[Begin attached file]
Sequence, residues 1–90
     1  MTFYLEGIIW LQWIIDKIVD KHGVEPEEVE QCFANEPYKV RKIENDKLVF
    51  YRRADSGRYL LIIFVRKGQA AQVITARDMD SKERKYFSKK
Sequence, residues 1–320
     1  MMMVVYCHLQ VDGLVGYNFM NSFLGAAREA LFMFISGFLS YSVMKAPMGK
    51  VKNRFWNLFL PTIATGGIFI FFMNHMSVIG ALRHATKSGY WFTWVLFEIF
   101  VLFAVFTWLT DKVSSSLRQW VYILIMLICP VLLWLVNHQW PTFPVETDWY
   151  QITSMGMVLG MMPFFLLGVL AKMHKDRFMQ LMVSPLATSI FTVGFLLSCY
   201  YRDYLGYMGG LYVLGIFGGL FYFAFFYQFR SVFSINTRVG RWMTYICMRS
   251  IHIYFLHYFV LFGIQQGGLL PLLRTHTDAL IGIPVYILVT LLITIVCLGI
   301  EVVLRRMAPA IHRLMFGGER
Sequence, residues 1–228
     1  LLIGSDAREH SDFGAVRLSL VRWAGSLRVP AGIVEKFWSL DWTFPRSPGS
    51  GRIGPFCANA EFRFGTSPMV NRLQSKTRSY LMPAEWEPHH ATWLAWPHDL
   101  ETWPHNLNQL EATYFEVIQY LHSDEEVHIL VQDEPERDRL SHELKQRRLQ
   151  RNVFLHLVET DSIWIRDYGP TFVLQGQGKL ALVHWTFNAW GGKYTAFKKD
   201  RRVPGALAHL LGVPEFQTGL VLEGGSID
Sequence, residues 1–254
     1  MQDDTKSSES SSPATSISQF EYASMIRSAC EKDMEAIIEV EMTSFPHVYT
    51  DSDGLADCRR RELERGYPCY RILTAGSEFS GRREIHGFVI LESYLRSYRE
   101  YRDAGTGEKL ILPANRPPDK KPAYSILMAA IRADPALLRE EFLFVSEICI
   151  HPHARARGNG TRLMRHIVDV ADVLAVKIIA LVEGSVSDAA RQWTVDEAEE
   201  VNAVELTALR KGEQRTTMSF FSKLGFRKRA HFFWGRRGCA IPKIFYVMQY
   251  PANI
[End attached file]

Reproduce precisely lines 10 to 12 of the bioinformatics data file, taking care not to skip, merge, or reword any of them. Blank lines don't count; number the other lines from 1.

   251  IHIYFLHYFV LFGIQQGGLL PLLRTHTDAL IGIPVYILVT LLITIVCLGI
   301  EVVLRRMAPA IHRLMFGGER
Sequence, residues 1–228